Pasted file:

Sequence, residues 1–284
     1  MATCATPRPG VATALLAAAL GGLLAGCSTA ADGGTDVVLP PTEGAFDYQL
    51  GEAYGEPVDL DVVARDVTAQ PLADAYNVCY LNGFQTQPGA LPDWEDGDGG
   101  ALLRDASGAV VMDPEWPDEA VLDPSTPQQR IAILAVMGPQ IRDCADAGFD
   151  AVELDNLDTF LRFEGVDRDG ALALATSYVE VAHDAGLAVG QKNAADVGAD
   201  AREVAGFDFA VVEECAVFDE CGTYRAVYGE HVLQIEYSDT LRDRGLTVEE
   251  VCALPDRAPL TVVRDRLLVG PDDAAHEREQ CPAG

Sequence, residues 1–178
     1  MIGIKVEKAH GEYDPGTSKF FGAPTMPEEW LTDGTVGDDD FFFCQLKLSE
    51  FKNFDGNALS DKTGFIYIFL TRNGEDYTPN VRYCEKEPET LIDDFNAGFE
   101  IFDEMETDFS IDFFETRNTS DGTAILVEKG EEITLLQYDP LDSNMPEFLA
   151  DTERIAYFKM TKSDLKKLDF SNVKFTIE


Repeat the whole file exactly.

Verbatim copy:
Sequence, residues 1–284
     1  MATCATPRPG VATALLAAAL GGLLAGCSTA ADGGTDVVLP PTEGAFDYQL
    51  GEAYGEPVDL DVVARDVTAQ PLADAYNVCY LNGFQTQPGA LPDWEDGDGG
   101  ALLRDASGAV VMDPEWPDEA VLDPSTPQQR IAILAVMGPQ IRDCADAGFD
   151  AVELDNLDTF LRFEGVDRDG ALALATSYVE VAHDAGLAVG QKNAADVGAD
   201  AREVAGFDFA VVEECAVFDE CGTYRAVYGE HVLQIEYSDT LRDRGLTVEE
   251  VCALPDRAPL TVVRDRLLVG PDDAAHEREQ CPAG

Sequence, residues 1–178
     1  MIGIKVEKAH GEYDPGTSKF FGAPTMPEEW LTDGTVGDDD FFFCQLKLSE
    51  FKNFDGNALS DKTGFIYIFL TRNGEDYTPN VRYCEKEPET LIDDFNAGFE
   101  IFDEMETDFS IDFFETRNTS DGTAILVEKG EEITLLQYDP LDSNMPEFLA
   151  DTERIAYFKM TKSDLKKLDF SNVKFTIE